Classification of characters

One can classify characters into character sets of which the following are in common use:

  • "bai hua"
  • "wen yan"
  • "written colloquial Cantonese" - Cantonese is unique in that is it has a commonly used written character system which is different from "bai hua" or "wen yan"
  • "dialectal characters"

Character forms

There are currently two standards for printed Chinese characters. One is the Traditional Writing System, used in Hongkong, Taiwan and by Overseas Chinese. The Peoples's Republic of China (also Singapore) uses the Simplified Writing System, which uses simplified forms for some of the more complicated characters. In addition most Chinese in writing letters will use some personal simplications for cursive.

The Chinese characters are also used to write the Chinese numerals.

Chinese grammar

All dialects share a similar grammatic system, which is different from the one employed by European languages: All words have only one grammatical form, neither conjugation nor declension nor a tense system exist. Concepts like "plural" or "past tense" have to be expressed in a syntactical way:

Tenses are indicated by adverbs of time ("yesterday", "later") and a number of particles indicating, e.g., completion of an action. Particles are also used to form questions: The syntax of questions is exactly the same as in declarative statements (basically, SUBJECT - VERB - OBJECT). Only the appended particle makes it a question. Plural meaning most of the time has to be inferred from context, since the Chinese language doesn't provide any lexical means of expressing this concept for most nouns(apart from giving exact numbers, which is, of course, possible).

Thus Chinese grammar is generally quite simple compared to that of the Romance languages. However, some subtle grammatical features which are unique to Chinese serve to enrich the grammar; for example, the notion of a "perfective" which signifies the degree to which a verb was completed.

Computer processing of Chinese

The computerized processing of Chinese characters involves some special issues both in input and character encoding schemes.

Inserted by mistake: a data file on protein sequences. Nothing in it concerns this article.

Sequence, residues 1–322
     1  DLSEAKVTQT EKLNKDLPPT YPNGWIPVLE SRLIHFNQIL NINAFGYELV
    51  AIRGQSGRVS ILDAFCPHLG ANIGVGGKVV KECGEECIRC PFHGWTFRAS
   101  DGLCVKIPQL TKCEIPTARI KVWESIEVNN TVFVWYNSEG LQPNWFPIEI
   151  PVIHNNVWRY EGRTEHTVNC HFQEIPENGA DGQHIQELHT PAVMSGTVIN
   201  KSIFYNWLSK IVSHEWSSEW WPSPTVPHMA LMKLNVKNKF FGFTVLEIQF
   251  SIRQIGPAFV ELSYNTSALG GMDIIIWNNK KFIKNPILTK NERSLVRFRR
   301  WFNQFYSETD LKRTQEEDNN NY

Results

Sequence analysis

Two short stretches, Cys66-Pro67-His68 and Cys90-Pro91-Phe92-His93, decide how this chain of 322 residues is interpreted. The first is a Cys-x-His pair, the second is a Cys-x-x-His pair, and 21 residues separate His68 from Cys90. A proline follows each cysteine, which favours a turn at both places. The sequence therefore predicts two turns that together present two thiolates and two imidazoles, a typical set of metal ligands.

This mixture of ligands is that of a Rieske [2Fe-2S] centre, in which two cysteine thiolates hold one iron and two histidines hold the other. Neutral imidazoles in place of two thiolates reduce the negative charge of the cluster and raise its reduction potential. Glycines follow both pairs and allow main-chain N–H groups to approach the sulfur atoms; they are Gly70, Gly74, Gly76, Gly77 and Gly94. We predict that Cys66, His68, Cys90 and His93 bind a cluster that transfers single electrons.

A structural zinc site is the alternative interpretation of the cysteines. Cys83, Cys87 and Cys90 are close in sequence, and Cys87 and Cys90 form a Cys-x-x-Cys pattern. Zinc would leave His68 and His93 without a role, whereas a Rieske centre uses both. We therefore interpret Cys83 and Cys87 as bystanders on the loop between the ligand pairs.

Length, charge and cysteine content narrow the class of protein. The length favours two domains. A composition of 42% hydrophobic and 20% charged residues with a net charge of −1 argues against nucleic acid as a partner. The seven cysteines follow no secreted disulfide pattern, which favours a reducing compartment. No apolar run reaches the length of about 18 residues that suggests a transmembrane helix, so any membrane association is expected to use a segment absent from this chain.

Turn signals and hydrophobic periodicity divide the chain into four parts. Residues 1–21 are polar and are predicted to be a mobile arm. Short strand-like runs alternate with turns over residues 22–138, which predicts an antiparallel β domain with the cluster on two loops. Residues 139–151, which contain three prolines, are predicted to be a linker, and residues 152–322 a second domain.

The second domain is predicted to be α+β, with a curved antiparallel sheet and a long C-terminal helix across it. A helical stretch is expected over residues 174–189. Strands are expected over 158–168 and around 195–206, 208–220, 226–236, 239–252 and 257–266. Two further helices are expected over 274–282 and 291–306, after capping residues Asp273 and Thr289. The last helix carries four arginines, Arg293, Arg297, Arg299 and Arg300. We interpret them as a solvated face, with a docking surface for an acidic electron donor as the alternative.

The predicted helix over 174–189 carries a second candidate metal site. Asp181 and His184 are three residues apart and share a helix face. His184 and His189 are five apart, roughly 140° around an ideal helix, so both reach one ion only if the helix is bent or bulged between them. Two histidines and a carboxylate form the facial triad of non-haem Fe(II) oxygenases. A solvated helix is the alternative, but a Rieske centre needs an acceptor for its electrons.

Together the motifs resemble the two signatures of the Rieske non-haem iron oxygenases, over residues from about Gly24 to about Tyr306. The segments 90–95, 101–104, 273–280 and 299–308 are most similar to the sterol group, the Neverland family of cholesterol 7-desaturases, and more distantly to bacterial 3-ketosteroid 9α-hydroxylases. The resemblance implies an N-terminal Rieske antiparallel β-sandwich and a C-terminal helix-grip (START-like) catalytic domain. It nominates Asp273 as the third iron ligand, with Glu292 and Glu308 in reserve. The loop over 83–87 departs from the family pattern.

Chinese encoding systems

History of Chinese

Deciphering the history of Chinese poses an interesting problem. How do you know the pronounciation of a language which is not written phoentically. The effort that has been devoted at solving this problem is a testimony to the ingenuity of linguists.

Archaic Chinese

Much the work in reconstucting Archaic Chinese comes from the work of Bernard Kalgren whose work is based on the forms of the characters.

Middle Chinese

Linguists are confident in having a good reconstruction of which Middle Chinese sounded like. The evidence for the pronounciation of Middle Chinese comes from two sources: modern dialect variations and rhyming dictionaries.

Modern Chinese

The transition from "wen yen" to "bai hua"

The creation of a "national language"

Educating Mandarin

Character simplification

The Future of Chinese

Weblinks:

Zhongwen.com: Chinese to English dictionary and other resources presented in English; searchable by English meanings; Chinese text displayed as graphics (i.e. does not require any Chinese font).
Chinese to English Dictionary: searchable by English meanings; Chinese text in Big5 code (i.e. requires Chinese font).
Chinese Linguistics: Sites on Chinese linguistics (in English).
Chinese Characters Dictionary: supports Japanese, Korean, Cantonese, Hakka etc.
Cantonese Talking Syllabary: in Chinese; require Big5 font.